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A.K.A PROJECT X
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Hi all, I was reading up on replacing (coolant stuff, etc for my wife’s 2003 1.8l bugg and i know I’m going it have to replace the dreaded metal water hose (just checked it, rusty corroded on ends) on the right frame rails and other coolant stuff later possibly down the line. I’m going to have coolant loss of course but what’s the best way to rid of air pockets? I’ve heard of tools but wanted advise on it. That way if I have to tear into it however many times I’m ok with it and don’t Have to worry with air on burping the system ...thanks in advance ....Brandon
 

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The 1.8 T on the mark iv golf, new beetle and Jetta; historically has been a challenge to burp the system and remove the air out of the block in particular. Some design aspects Volkswagen implemented on these cars; seems to have aggravated this problem, the thermostat has no hole or wiggle valve, to equalize the coolant level in the block/water jacket and also there is no bleeder valve anywhere on the system, like on other models like the Passat. many have said another issue on many of all modern vehicles is the fact that the engine tends to be higher than the radiatir and so this is another factor in air pockets not naturally burping as easily as they used to on older cars.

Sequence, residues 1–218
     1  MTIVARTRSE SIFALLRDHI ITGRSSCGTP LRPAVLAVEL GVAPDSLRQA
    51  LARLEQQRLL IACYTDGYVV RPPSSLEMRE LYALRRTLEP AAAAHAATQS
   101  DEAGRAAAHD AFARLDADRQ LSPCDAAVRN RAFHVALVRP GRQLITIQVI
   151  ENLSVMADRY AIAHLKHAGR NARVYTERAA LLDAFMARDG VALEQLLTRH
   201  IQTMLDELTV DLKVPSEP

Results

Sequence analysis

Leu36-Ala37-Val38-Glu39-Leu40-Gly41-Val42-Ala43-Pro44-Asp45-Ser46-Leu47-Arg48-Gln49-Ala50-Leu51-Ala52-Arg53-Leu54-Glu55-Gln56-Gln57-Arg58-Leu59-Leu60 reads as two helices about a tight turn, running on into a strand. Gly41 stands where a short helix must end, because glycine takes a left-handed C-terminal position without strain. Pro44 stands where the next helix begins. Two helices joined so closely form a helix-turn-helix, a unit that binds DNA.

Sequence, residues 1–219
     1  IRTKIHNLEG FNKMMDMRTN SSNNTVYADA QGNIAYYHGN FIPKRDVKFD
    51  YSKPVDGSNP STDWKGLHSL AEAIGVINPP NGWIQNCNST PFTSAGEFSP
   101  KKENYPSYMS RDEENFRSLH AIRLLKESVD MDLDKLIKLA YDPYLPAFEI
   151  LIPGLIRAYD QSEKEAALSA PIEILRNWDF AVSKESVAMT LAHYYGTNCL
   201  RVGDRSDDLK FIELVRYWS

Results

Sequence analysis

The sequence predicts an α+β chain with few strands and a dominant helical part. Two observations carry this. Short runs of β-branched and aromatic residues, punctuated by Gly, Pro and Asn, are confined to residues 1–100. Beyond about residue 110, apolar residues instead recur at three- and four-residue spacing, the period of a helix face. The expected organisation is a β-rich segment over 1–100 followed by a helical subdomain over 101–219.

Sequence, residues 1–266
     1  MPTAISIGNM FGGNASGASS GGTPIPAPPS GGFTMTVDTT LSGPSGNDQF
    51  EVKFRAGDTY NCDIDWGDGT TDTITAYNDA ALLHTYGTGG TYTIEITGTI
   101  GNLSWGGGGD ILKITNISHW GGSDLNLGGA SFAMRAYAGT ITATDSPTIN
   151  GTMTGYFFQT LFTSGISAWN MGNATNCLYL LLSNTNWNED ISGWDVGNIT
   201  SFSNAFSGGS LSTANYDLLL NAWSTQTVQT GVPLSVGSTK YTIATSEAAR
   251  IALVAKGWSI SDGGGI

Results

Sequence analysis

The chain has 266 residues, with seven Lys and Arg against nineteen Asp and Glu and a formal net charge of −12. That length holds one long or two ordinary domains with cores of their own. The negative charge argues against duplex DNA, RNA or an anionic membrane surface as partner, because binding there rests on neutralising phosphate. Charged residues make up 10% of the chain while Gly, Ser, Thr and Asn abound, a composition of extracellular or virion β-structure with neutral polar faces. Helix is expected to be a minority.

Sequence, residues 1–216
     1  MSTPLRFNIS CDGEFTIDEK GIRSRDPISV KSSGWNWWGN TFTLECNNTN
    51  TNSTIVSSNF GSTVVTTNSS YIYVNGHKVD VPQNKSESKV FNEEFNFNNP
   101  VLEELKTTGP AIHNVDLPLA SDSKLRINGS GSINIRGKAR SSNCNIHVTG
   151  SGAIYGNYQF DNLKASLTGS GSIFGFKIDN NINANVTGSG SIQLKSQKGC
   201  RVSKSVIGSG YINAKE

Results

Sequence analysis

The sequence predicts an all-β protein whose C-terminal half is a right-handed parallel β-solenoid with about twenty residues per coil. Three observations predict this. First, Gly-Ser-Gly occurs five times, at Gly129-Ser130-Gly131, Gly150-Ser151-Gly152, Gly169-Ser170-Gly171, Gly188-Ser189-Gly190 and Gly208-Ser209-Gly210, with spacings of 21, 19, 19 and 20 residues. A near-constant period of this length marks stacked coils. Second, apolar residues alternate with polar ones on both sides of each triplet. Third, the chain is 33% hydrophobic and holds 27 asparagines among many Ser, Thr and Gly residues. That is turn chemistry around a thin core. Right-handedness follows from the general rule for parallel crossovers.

Volkswagen is aware of this problem and this is confirmed by the fact that the factory vw service manual actually recommends the use of a vacuum based coolant filler tool. When I first started working on modern volkswagens ; I ran into this problem and so I invested in the UVIew brand Airlift vacuum tool and it has worked very well but does require the use of compressed air.


There are a number of YouTube videos that discuss burping vw engines and helpful tips on certain things to look for that can help make this easier if you do not have a vacuum filler tool.
 

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Pay attention to the "exovcds" youtube channel; his tips and info are very good and helped me understand how the cooling system works, plus things to check for
, seeing if the return line is clogged and even drilling a hole in the thermostat can help the burping process.
 

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Imbugd - 99 1.8t
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I really do love this site. Ive been a member here for years and still learn things regularly.

One thing I've learned today is that I've been lucky. Ive replaced the coolant on occasion in my beetles and never knowingly ran into this problem. ..and if it did occur it managed to work itself out over time. Almost certainly explains the need for later fills after I thought I had it all taken care of. :\

So yea, now another complication to think of when I get back to it.
 

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U don't need specialty tools to get the air out after replacing coolant if the system is functioning correctly. The air bubbles float to the highest point in the system Which is the reservoir and then burp out u will notice this as the reservoir level goes a little down a s the coolant is displaced by the air. After repairs u just need to keep adding g a little coolant to the reservoir level until all air burped out.
 
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